Draw we now our material from some other source, lest Punichood either blush or else grieve in the midst of Romans. To change her habit is, at all events, the stated function of entire nature. The very world13 itself (this which we inhabit) meantime discharges it. See to it Anaximander, if he thinks there are more (worlds): see to it, whoever else (thinks there exists another) anywhere at the region of the Meropes, as Silenus prates in the ears of Midas,14 apt (as those cars are15 ), it must be admitted, for even huger fables. Nay, even if Plato thinks there exists one of which this of ours is the image, that likewise must necessarily have similarly to undergo mutation; inasmuch as, if it is a “world,”16 it will consist of diverse substances and offices, answerable to the form of that which is here the “world: ”17 for “world” it will not be if it be not just as the “world” is. Things which, in diversity, tend to unity, are diverse by demutation. In short, it is their vicissitudes which federate the discord of their diversity. Thus it will be by mutation that every “world”18 will exist whose corporate structure is the result of diversities, and whose attemperation is the result of vicissitudes. At all events, this hostelry of ours19 is versiform,—a fact which is patent to eyes that are closed, or utterly Homeric.20 Day and night revolve in turn. The sun varies by annual stations, the moon by monthly phases. The stars—distinct in their confusion—sometimes drop, sometimes resuscitate, somewhat. The circuit of the heaven is now resplendent with serenity, now dismal with cloud; or else rain-showers come rushing down, and whatever missiles (mingle) with them: thereafter (follows) a slight sprinkling, and then again brilliance. So, too, the sea has an ill repute for honesty; while at one time, the breezes equably swaying it, tranquillity gives it the semblance of probity, calm gives it the semblance of even temper; and then all of a sudden it heaves restlessly with mountain-waves. Thus, too, if you survey the earth, loving to clothe herself seasonably, you would nearly be ready to deny her identity, when, remembering her green, you behold her yellow, and will ere long see her hoary too. Of the rest of her adornment also, what is there which is not subject to interchanging mutation—the higher ridges of her mountains by decursion, the veins of her fountains by disappearance, and the pathways of her streams by alluvial formation? There was a time when her whole orb, withal, underwent mutation, overrun by all waters. To this day marine conchs and tritons’ horns sojourn as foreigners on the mountains, eager to prove to Plato that even the heights have undulated. But withal, by ebbing out, her orb again underwent a formal mutation; another, but the same. Even now her shape undergoes local mutations, when (some particular) spot is damaged; when among her islands Delos is now no more, Samos a heap of sand, and the Sibyl (is thus proved) no liar;21 when in the Atlantic (the isle) that was equal in size to Libya or Asia is sought in vain;22 when formerly a side of Italy, severed to the centre by the shivering shock of the Adriatic and the Tyrrhenian seas, leaves Sicily as its relics; when that total swoop of discission, whirling backwards the contentious encounters of the mains, invested the sea with a novel vice, the vice not of spuing out wrecks, but of devouring them! The continent as well suffers from heavenly or else from inherent forces. Glance at Palestine. Where Jordan’s river is the arbiter of boundaries, (behold) a vast waste, and a bereaved region, and bootless land! And once (there were there) cities, and flourishing peoples, and the soil yielded its fruits.23 Afterwards, since God is a Judge, impiety earned showers of fire: Sodom’s day is over, and Gomorrah is no more; and all is ashes; and the neighbour sea no less than the soil experiences a living death! Such a cloud overcast Etruria, burning down her ancient Volsinii, to teach Campania (all the more by the ereption of her Pompeii) to look expectantly upon her own mountains. But far be (the repetition of such catastrophes)! Would that Asia, withal, were by this time without cause for anxiety about the soil’s voracity! Would, too, that Africa had once for all quailed before the devouring chasm, expiated by the treacherous absorption of one single camp!24 Many other such detriments besides have made innovations upon the fashion of our orb, and moved (particular) spots (in it). Very great also has been the licence of wars. But it is no less irksome to recount sad details than (to recount) the vicissitudes of kingdoms, (and to show) how frequent have been their mutations, from Ninus the progeny of Belus, onwards; if indeed Ninus was the first to have a kingdom, as the ancient profane authorities assert. Beyond his time the pen is not wont (to travel), in general, among you (heathens). From the Assyrians, it may be, the histories of “recorded time”25 begin to open. We, however, who are habitual readers of divine histories, are masters of the subject from the nativity of the universe26 itself. But I prefer, at the present time, joyous details, inasmuch as things joyous withal are subject to mutation. In short, whatever the sea has washed away, the heaven burned down, the earth undermined, the sword shorn down, reappears at some other time by the turn of compensation.27 For in primitive days not only was the earth, for the greater part of her circuit, empty and uninhabited; but if any particular race had seized upon any part, it existed for itself alone. And so, understanding at last that all things worshipped themselves, (the earth) consulted to weed and scrape her copiousness (of inhabitants), in one place densely packed, in another abandoning their posts; in order that thence (as it were from grafts and settings) peoples from peoples, cities from cities, might be planted throughout every region of her orb.28 Transmigrations were made by the swarms of redundant races. The exuberance of the Scythians fertilizes the Persians; the Phoenicians gush out into Africa; the Phrygians give birth to the Romans; the seed of the Chaldeans is led out into Egypt; subsequently, when transferred thence, it becomes the Jewish race.29 So, too, the posterity of Hercules, in like wise, proceed to occupy the Peloponnesus for the behoof of Temenus. So, again, the Ionian comrades of Neleus furnish Asia with new cities: so, again, the Corinthians with Archias, fortify Syracuse. But antiquity is by this time a vain thing (to refer to), when our own careers are before our eyes. How large a portion of our orb has the present age30 reformed! how many cities has the triple power of our existing empire either produced, or else augmented, or else restored! While God favours so many Augusti unitedly, how many populations have been transferred to other localities! how many peoples reduced! how many orders restored to their ancient splendour! how many barbarians baffled! In truth, our orb is the admirably cultivated estate of this empire; every aconite of hostility eradicated; and the cactus and bramble of clandestinely crafty familiarity31 wholly uptorn; and (the orb itself) delightsome beyond the orchard of Alcinous and the rosary of Midas. Praising, therefore, our orb in its mutations, why do you point the finger of scorn at a man?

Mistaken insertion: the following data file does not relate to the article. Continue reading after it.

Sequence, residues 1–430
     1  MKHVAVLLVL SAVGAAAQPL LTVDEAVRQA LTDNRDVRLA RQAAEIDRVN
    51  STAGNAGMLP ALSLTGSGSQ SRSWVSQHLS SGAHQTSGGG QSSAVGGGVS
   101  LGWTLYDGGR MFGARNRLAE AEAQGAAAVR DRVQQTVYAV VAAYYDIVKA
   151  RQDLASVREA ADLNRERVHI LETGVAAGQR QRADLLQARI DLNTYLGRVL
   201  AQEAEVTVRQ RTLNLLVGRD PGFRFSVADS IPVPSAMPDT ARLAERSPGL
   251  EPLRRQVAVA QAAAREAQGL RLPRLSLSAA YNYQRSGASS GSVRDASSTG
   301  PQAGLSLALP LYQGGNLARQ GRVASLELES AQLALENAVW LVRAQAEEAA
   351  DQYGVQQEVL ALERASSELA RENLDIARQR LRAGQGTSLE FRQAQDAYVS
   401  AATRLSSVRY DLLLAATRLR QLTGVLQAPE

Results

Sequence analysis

Chapter III.—Beasts Similarly Subject to the Law of Mutation.